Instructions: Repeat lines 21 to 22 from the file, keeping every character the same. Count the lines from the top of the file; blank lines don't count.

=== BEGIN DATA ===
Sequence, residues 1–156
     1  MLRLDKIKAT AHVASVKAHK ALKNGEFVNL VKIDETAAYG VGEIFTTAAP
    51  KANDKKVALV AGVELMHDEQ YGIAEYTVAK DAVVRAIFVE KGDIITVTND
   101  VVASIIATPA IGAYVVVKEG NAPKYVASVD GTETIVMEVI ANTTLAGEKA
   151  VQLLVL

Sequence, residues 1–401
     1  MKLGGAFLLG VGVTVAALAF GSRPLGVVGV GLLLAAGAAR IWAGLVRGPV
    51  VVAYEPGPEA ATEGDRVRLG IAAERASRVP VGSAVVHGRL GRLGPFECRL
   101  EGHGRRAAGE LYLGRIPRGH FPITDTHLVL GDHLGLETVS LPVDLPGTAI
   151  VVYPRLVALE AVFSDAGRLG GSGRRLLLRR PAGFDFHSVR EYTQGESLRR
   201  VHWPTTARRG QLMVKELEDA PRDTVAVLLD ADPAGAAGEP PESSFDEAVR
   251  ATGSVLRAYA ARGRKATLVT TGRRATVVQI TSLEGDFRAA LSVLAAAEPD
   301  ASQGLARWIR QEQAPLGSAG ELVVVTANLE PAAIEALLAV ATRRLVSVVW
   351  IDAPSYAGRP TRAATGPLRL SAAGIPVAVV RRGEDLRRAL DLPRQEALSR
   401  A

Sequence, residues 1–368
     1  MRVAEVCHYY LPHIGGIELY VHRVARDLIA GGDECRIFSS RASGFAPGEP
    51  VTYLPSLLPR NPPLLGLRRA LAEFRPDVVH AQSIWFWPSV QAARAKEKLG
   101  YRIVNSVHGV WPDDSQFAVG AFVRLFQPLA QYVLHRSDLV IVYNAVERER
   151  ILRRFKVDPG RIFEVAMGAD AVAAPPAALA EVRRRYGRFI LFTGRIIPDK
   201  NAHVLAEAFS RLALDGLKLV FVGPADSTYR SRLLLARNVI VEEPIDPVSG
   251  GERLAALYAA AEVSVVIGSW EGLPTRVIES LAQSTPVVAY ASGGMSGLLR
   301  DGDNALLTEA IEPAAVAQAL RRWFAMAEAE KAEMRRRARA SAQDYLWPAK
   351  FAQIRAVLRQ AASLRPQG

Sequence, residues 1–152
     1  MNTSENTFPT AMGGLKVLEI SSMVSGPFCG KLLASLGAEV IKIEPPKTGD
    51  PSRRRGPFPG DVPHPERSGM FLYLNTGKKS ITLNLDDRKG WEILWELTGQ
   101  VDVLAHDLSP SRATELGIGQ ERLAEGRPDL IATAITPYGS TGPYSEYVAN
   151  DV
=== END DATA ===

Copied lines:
   201  NAHVLAEAFS RLALDGLKLV FVGPADSTYR SRLLLARNVI VEEPIDPVSG
   251  GERLAALYAA AEVSVVIGSW EGLPTRVIES LAQSTPVVAY ASGGMSGLLR